Sunday, August 30, 2009

We are victims!

We have been plagued by blight this year. First, we lost the zucchini plant. Then the cucumbers. Now, the tomatoes are starting to succumb. It's so sad! We're going to have to ride it out and see what happens, because once your garden is infected, it's almost impossible to stop.

We've been loosing leaves from the tomato plants for a while, but were uneducated as to how brutal this was going to be. Today, this is how we found several of the tomatoes:
For those of you on the East Coast, you may or not be familiar with blight. It arrived in the area about 10-15 years ago, and has been destroying crops ever since. It is a fungus that develops well in wet, moist conditions. It survives in temperatures up to 95 degrees in the day and as low as 65 degrees in the night -- a perfect New England summer. This is the same disease that destroyed potatoes and caused the great Irish potato famine that resulted in the Irish immigration to America in the 1840s to 1850s. There are no real remedies for blight once it has arrived. Currently, there are no plants that are resistant to the fungus.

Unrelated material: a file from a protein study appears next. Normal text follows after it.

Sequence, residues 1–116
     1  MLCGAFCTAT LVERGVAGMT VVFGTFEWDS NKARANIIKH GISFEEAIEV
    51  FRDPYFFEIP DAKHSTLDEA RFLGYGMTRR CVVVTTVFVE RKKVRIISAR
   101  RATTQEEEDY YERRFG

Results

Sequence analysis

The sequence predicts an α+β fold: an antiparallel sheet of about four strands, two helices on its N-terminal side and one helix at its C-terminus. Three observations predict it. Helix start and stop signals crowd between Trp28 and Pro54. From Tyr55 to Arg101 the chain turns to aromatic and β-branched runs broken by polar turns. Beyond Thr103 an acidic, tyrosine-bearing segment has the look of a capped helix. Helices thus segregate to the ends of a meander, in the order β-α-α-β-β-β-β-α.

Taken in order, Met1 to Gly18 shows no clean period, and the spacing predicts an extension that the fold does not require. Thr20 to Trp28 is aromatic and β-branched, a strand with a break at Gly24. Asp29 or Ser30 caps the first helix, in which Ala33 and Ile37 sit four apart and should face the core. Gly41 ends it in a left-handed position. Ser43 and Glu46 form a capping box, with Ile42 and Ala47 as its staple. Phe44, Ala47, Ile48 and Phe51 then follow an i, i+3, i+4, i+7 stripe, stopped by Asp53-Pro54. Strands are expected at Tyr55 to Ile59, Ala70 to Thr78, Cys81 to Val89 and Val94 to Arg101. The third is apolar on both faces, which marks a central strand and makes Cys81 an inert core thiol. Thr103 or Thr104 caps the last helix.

Learn more about blight here.
We picked about 8 pounds of tomatoes today, bringing our grand total to 37 pounds. Not bad considering the blight plague. We're hoping to get more, but it's going to be an effort to beat the blight now. I'm afraid it's going to take over.

All in all, our garden has not yet provided enough produce to have paid for it's construction. It cost about $350 to put together, plant and fill with the proper soil. We've probably saved about $150 in produce expenses. Over time, it will pay for itself I guess, but so far we're in the red. Hopefully next year won't be so moist.

1 comment:

  1. I had no idea there was a problem with blight here. I'm sorry your garden didn't produce as well this year as you hoped, even after all your hard work. Hopefully we have a more normal summer next year!